At a function to mark 50 years after the failed secession of South East, Acting President Yemi Osinbajo, said the “greatest responsibility of Nigerian leaders today is to give a pathway to unity in diversity”.
Osinbajo emphasised the need for Nigerian leaders to give the younger generation the vision on a pathway to unity in diversity.
He made the statement on Thursday in Abuja at the colloquium on “Biafra: 50 years after’’ organized by the Yar’ Adua Foundation.
He told a cross section of political leaders which included former President Olusegun Obasanjo; Dr. John Nwodo, leader of Ohaneze, the Pan-Igbo socio-cultural organization; and Alhaji Ahmed Joda amongst other dignitaries that graced the occasion.
He said, “Introspection is probably what separates us from beasts. That ability to learn from history is perhaps the greatest defense from the avoidable pain of learning from experience, when history is a much gentler and kinder teacher. Indeed, the saying experience is the best teacher, is incomplete, the full statement of that Welsh adage is that experience is the best teacher for a fool. History is a kinder and gentler teacher.
“I recall distinctly how in 1967, passing in front of my home on Ikorodu road almost every hour were trucks carrying passengers and furniture in an endless stream heading east. Many Ibos who left various parts of Nigeria, left friends, families and businesses, schools and jobs. Like my friend and aunty some never returned! But many died. The reasons for this tragic separation of brothers and sisters were deep and profound. So much has been said and written already about the “why’s and wherefores’’ and that analyses will probably never end.”
“This is why I would rather not spend this few minutes on whether there was or was not sufficient justification for secession and the war that followed. The issue is whether the terrible suffering, massive loss of lives, of hopes and fortunes of so many can ever be justified.”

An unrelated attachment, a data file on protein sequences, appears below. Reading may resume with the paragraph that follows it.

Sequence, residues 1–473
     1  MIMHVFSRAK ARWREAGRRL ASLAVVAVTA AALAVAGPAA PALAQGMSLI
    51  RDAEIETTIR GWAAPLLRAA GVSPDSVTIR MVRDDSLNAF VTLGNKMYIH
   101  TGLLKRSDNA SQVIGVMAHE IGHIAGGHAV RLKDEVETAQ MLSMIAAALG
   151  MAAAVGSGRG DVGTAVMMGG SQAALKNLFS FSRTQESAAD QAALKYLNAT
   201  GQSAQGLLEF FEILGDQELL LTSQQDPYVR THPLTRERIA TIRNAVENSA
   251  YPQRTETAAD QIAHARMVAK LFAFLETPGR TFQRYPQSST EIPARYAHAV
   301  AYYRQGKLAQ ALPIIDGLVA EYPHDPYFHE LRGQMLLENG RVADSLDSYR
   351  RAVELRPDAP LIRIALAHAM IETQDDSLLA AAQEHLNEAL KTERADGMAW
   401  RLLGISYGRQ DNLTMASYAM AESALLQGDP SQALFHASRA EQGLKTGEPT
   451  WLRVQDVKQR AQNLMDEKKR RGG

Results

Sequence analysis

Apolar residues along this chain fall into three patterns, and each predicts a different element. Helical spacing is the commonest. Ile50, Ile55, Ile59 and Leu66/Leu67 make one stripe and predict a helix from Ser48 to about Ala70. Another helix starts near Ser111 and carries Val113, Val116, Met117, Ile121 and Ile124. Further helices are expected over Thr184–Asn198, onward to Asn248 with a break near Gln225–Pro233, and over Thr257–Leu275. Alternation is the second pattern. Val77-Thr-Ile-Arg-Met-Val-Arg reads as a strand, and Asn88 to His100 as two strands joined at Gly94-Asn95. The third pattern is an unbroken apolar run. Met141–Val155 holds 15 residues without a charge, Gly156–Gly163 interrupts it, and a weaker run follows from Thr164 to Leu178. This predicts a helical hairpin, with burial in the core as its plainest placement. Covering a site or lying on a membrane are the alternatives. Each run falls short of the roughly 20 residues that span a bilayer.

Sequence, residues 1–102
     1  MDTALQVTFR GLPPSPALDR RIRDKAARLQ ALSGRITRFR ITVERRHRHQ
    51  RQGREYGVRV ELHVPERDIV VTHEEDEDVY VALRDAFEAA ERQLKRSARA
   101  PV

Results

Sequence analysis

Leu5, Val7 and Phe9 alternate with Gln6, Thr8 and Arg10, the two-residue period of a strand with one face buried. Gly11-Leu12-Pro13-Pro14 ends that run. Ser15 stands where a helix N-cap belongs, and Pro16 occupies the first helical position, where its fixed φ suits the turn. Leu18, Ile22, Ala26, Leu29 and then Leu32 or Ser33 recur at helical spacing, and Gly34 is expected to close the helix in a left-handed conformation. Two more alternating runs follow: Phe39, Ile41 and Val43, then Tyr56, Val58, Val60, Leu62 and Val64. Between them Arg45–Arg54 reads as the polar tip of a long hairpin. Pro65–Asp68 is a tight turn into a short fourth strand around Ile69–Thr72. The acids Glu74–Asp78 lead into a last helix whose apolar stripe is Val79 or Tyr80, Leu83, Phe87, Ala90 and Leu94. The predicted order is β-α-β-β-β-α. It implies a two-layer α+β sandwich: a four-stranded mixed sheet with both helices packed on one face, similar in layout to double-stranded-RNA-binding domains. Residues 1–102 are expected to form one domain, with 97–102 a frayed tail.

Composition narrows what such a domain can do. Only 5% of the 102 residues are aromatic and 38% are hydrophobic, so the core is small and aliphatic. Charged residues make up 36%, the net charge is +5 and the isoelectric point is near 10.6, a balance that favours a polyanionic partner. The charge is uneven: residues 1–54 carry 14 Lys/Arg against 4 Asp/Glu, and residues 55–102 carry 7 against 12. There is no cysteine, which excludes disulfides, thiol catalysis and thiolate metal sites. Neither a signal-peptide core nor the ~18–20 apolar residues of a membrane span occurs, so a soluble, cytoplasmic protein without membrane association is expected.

Osinbajo noted further that, “As we reflect on this event today, we must ask ourselves the same question that many who have fought or been victims in civil wars, wars between brothers and sisters ask in moments of reflection….“what if we had spent all the resources, time and sacrifice we put into the war, into trying to forge unity? What if we had decided not to seek to avenge a wrong done to us? What if we had chosen to overcome evil with good?’’
“The truth is that the spilling of blood in dispute is hardly ever worth the losses. Of the fallouts of bitter wars is the anger that can so easily be rekindled by those who for good or ill want to resuscitate the fire. Today some are suggesting that we must go back to the ethnic nationalities from which Nigeria was formed.
“They say that secession is the answer to the charges of marginalization. They argue that separation from the Nigerian State will ultimately result in successful smaller States. They argue eloquently, I might add that Nigeria is a colonial contraption that cannot endure.
“This is also the sum and substance of the agitation for Biafra. The campaign is often bitter and vitriolic, and has sometimes degenerated to fatal violence. Brothers and sisters permit me to differ and to suggest that we’re greater together than apart.”
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